Buying Chocolate Squares

 In the baking aisle, there are five main formats of baking chocolate: bars, blocks, wafers, chips, and cocoa powder.   For cookies, puddings, cakes, hot chocolate, and more.  
Squares are the most versatile and commonly found form of baking chocolate. They can be easily chopped into smaller pieces for melting or folding into cookie dough. Baker's brand chocolate is sold in individually wrapped 1-ounce squares with eight squares in each box. Baker's also sells whole 4-ounce bars that are segmented into ¼-ounce squares for easy breaking. Most brands will come sized like this, unless you are buying from specialty shops or baking sites like King Arthur. Be sure to check the weight on the package.  They come in several types, Bittersweet chocolate hovers in the 70% cacao range, and can be used interchangeably with semisweet. Anywhere you'd use one, you can use the other (and, to be honest, most of us don't have refined-enough palates to taste the difference in a dessert). Your best bet for bittersweet and semisweet chocolate is a recipe where the chocolate is really the star player, like a decadent pie or simple buttercream frosting.
 Semisweet chocolate has a cacao content of around 60%, and can be used interchangeably with bittersweet chocolate. It's frequently found in the form of baking chips, but we prefer buying it in squares or block form. It's a great all-purpose option to have on hand. 
 Unsweetened chocolate is very dark and bitter, and crumbly in texture. It's best for melting into other ingredients like butter and cream, because the consistency of the chocolate is chalky, without the smooth richness of bittersweet or semisweet. It should be used in recipes where there's a sweetener already present, like brownies.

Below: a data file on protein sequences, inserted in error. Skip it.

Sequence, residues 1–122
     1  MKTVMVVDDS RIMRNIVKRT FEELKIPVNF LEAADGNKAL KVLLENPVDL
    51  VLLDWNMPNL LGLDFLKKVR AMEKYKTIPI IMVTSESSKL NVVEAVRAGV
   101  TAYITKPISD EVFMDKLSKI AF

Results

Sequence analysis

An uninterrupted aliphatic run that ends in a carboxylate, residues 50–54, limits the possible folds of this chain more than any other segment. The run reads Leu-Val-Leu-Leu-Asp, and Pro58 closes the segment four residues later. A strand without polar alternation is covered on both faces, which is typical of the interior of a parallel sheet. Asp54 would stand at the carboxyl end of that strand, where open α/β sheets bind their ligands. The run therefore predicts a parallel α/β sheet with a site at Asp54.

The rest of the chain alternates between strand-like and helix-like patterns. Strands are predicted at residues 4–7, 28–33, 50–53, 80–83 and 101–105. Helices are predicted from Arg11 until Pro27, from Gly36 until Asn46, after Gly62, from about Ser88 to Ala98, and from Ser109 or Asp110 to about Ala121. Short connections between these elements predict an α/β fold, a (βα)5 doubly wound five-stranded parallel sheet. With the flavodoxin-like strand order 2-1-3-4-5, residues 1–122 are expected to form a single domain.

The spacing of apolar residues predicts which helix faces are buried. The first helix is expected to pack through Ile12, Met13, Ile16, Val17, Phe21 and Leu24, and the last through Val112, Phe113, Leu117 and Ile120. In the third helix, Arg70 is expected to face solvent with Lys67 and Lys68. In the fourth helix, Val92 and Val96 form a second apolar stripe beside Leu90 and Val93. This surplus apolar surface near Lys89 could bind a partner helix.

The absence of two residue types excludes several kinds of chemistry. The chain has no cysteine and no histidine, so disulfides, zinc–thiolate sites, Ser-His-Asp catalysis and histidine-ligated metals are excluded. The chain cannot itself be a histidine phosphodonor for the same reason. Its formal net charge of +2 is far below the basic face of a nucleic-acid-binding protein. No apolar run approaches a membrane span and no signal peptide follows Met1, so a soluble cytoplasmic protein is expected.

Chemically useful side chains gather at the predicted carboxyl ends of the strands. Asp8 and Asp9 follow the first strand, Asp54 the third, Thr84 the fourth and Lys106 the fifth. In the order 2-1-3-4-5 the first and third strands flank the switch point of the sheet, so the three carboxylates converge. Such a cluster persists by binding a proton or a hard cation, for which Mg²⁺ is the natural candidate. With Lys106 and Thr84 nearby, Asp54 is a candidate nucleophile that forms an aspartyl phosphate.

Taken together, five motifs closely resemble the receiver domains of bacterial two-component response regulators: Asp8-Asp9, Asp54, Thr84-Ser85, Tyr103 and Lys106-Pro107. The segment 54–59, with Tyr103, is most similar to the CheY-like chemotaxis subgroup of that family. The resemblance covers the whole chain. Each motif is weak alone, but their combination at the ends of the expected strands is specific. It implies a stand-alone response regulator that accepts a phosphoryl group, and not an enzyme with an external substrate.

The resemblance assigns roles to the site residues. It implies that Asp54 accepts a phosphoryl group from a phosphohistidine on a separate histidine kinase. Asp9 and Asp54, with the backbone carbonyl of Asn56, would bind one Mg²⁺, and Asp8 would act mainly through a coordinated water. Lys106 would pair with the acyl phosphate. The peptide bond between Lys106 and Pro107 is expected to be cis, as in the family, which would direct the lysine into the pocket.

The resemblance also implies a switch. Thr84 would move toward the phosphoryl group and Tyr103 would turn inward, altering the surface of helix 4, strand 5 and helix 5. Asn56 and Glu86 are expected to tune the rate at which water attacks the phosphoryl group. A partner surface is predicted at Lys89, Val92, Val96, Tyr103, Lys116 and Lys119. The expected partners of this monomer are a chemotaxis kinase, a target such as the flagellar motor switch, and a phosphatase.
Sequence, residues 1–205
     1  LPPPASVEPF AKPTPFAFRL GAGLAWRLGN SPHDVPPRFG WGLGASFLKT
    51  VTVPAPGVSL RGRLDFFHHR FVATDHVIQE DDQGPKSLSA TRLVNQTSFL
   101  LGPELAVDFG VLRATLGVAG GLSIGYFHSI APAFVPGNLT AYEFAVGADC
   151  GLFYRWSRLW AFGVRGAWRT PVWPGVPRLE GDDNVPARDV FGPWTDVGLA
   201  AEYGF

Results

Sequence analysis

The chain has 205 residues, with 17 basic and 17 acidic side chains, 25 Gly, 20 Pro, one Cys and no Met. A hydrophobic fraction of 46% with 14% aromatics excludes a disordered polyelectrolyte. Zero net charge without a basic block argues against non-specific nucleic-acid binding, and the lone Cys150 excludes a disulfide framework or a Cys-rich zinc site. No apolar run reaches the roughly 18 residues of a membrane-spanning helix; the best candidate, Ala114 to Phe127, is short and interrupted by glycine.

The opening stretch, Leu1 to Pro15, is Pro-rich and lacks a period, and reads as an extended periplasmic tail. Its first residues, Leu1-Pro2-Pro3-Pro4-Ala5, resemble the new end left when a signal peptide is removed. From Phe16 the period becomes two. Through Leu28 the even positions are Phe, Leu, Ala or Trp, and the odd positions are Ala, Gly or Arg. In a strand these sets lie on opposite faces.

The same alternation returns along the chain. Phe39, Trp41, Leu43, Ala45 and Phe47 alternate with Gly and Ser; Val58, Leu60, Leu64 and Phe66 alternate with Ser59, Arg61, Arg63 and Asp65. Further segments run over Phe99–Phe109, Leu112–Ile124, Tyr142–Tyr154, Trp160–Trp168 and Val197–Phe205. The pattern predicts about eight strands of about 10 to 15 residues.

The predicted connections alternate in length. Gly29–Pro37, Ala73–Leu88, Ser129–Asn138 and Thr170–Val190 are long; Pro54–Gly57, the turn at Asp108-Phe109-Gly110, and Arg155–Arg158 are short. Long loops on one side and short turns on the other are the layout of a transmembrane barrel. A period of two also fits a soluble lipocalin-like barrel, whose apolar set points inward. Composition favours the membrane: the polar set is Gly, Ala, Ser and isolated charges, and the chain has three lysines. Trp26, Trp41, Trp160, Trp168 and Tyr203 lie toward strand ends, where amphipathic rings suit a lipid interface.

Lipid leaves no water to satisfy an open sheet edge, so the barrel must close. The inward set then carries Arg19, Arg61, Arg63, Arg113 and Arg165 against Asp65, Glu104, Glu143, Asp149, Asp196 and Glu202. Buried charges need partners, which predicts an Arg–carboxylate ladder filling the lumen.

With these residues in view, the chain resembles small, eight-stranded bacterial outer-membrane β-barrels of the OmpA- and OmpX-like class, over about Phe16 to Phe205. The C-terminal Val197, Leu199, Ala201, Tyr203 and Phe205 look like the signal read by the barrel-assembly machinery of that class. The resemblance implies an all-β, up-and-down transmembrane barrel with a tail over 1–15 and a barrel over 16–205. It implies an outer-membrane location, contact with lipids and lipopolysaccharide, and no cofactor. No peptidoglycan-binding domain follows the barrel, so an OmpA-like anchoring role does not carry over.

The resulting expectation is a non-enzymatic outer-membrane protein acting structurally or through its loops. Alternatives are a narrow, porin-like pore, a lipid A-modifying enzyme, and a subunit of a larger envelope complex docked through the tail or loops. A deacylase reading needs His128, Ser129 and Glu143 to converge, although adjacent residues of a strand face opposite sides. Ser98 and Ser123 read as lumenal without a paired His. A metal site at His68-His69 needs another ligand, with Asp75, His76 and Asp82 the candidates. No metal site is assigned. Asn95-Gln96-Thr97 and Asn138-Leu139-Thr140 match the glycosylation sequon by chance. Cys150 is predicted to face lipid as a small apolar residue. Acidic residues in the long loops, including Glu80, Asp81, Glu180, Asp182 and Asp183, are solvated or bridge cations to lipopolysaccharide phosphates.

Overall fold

Milk chocolate is sweeter and less bitter than dark chocolate, and has a higher amount of milk solids and sugar. 
 No matter which one you choose chocolate should be kept in a cool place, like a cabinet away from the stovetop and oven. There's no need to keep it in the fridge or freezer if it's wrapped well. If using just a portion of the chocolate, re-wrap it with the original packaging and add a snug layer of plastic wrap. Chocolate will "bloom" (exhibit lighter colored spots on the surface) if exposed to moisture, so avoid dampness. If your chocolate does bloom, it's still edible. The blemish is just cosmetic, but should be avoided for chocolate that's not going to be melted (as in the case of, say, chocolate chunk cookies).


  1. both of those recipes look good, but I wanted to lick the screen when I saw that buttercream :)

    1. I licked the bowl after I was done frosting. It is really good frosting!


Hi...we'd love to hear from you.
Comments are moderated before appearing...Thanks.